In this time of seclusion, I have come to think of my house as an obscura, a dimmed enclosure from which the world is viewed. At the same time, we are not unlike the thermals on which the red-tailed hawk soars high above, in great sweeps. We have no immutable borders and we exist like the air currents; blending, blending.

Sumi Foley
Venus, 2020
Small pieces of coloured silk as pigment on canvas

The oldest living thing on our planet is the 5,000-year-old bristlecone pine tree. Its stately, tenacious presence reminds us that 5,000 years ago we humans were already making art; and that no matter what, we will continue to do so for the next 5,000 years.

Born in Osaka, Japan, I have been making fabric art for more than 30 years. “I use silk given to me by family, friends and fans of my art. Just like humans, each piece has a story and its own design and color. When light falls on the surface of the fabric, magic happens. Colors vibrate and bounce the light into the air, exciting the imagination and summoning the creativity essential for human life. The human story is more beautiful when, together, we use imagination creatively. I see my art as a small part of the quest for peace in the human family. It will be my footprint after I am gone.”

Cathy Garcia
The Three Amigos, 2020
Ceramic mosaic over miscellaneous objects

I am a self-taught mosaic artist who has been working in this medium for more than 20 years, have exhibited in more than 40 shows, both solo and group, and have created several public art installations. I am also a psychotherapist by profession.

I love color and enjoy combining textures and shapes to bring vibrancy, movement and life to my works. A key component is to reinvent the old and unused into a thing of beauty. A “treasure hunt” for supplies takes me to yard sales, thrift shops and friends’ garages. The mosaic process is similar to building a jigsaw puzzle without a map. The pieces unfold themselves. My current passion is creating human busts and animal figures that seem to have personalities of their own.

Sandy Garcia
Patron Saint of Comfort, 2020
Acrylic on gallery-wrapped canvas

A story reopened my emotions to paint this painting. In early 2020 during a folk painting workshop, a participant, a woman, was in the painting. As I reached down to check on her progress, she said to me, “I took care of you when you were admitted at San Antonio Hospital”. Although I couldn’t remember her, I excused myself from the group to compose myself and a flood of tears and emotions. I share with you, my memory of the hospital from years ago, while recovering from gastric cancer surgery. I had been very sick, did not remember her but was feeling so thankful for her care and that she remembered me after all these years.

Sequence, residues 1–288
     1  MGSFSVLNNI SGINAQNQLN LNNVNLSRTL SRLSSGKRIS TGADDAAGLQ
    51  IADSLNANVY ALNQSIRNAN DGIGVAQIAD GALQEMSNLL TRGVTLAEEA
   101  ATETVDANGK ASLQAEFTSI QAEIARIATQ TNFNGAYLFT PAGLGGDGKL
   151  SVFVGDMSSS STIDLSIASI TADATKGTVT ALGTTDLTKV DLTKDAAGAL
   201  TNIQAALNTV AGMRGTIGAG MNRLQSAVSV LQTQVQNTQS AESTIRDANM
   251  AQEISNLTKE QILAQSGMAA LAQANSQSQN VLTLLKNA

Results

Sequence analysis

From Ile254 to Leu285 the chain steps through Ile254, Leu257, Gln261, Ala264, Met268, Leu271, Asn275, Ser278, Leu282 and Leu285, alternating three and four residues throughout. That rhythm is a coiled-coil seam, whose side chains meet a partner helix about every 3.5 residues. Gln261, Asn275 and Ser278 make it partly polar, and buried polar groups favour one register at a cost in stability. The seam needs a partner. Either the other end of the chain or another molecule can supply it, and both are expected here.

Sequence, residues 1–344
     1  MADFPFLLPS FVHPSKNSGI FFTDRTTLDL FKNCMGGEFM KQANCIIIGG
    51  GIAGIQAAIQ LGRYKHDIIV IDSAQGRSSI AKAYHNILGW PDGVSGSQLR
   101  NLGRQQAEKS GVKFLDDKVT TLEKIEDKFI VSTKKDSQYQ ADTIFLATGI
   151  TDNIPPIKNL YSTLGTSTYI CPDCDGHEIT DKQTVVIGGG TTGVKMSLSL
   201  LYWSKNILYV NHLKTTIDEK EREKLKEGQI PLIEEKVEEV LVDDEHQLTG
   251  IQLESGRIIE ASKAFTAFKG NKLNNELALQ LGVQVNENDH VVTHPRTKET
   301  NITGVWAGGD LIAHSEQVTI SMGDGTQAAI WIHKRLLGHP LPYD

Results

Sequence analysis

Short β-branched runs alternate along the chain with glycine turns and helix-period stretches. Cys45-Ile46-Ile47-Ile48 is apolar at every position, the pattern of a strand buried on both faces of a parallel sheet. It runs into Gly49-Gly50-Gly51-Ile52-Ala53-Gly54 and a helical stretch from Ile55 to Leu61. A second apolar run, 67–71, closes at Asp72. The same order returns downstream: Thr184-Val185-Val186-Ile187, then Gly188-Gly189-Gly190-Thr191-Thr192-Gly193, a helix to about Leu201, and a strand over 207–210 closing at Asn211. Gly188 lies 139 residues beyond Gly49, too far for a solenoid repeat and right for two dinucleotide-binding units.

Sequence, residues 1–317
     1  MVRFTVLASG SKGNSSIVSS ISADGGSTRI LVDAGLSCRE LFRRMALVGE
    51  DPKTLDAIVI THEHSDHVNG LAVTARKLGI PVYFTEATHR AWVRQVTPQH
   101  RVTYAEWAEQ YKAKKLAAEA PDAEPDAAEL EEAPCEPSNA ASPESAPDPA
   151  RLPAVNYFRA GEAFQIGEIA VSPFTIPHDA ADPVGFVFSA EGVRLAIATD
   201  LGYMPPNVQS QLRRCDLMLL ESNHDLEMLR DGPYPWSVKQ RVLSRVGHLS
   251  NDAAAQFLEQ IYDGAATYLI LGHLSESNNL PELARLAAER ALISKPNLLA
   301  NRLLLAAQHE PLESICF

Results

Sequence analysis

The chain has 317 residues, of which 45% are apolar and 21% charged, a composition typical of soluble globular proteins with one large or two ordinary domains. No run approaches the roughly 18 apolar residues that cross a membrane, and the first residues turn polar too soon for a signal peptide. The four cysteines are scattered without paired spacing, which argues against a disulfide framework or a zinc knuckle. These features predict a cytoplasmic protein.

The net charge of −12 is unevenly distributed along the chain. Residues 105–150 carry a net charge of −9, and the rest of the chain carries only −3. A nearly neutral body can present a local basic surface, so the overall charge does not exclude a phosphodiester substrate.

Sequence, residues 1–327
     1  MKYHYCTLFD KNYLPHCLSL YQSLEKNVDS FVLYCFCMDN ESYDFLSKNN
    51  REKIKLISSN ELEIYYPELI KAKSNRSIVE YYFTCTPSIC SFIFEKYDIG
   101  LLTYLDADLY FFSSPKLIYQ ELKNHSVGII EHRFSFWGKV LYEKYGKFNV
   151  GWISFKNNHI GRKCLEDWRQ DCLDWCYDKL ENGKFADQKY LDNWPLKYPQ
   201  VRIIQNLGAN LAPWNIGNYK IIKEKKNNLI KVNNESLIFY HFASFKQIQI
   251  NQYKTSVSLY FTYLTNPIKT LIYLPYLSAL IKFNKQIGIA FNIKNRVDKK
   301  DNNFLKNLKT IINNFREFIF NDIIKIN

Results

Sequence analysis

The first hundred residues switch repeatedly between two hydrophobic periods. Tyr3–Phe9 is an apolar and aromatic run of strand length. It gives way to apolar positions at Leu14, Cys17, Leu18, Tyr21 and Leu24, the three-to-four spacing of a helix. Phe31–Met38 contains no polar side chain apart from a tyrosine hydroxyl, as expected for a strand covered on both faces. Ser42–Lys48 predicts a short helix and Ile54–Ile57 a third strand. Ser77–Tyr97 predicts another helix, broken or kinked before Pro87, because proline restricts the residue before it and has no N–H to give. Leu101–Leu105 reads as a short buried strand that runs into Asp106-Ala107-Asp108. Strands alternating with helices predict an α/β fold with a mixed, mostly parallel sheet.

She’s still an ICU nurse caring for others. Her name is Jasmine. During the pandemic isolation, I felt impelled to paint “Angel Patron Saint”, a protector watching over Jasmine and all first responders.

Athena Hahn
One of Three Bares, 2020
Mixed Media

During this time in the cave, we have had time to reflect on our ‘bear/bare’ nature. Our relationship to our internal nature and also our relationship to ourselves as part of nature. What is too big, too little, just right? How does that relationship change throughout our lives? This is the first of three paintings musing on that relationship.

I hold a B.A. from Pitzer College, and an M.F.A. from California State University Fullerton. I recently completed a large 32 ft. mural for the children’s section of the Pomona Public Library titled The Sun, The Moon, The Stars . . . and Everything.

Rebecca Hamm
Radical Contemplation, 2020
Acrylic on paper

My work presents where nature overcomes and reclaims– gradually or dramatically—human constructs.

I create energetic, abstracted visions that overflow with color and hidden life. At a distance, the stream emerges and the rock forms within a constant state of flux. The striking beauty of nature is laced with the aching to devastation. is at once mysterious and comforting; fascinating and awe inspiring; terrifying and instructive.

In my paintings, a momentary glimpse into the wild places around us becomes a glimmering composition honoring unsettling beauty and evidence of transformation. Layered hues and shifting images hint at the thin veil of paper and paint while provoking a view into a deeper contemplation. Where my painting process leads is mysterious and unpredictable. These works are not intended to be a representation or a record, yet they shimmer as memorials to the experiential.

Aleta Jacobson
Dreaming of the Forest , 2020
Mixed media on canvas

At the beginning of the year, I reflected on my art, examining my style, themes, and direction. March gave me more time to devote to my artistic journey. I tried things I didn’t think I’d like. I challenged myself to jump into new colors I’d never used before. I also revisited watercolor and explored a watery, transparent, almost-not-there style. I created minimalist collages that really excited me. I made my own materials by staining papers with watercolor and acrylic paints. I needed these experiments and play during these times of isolation.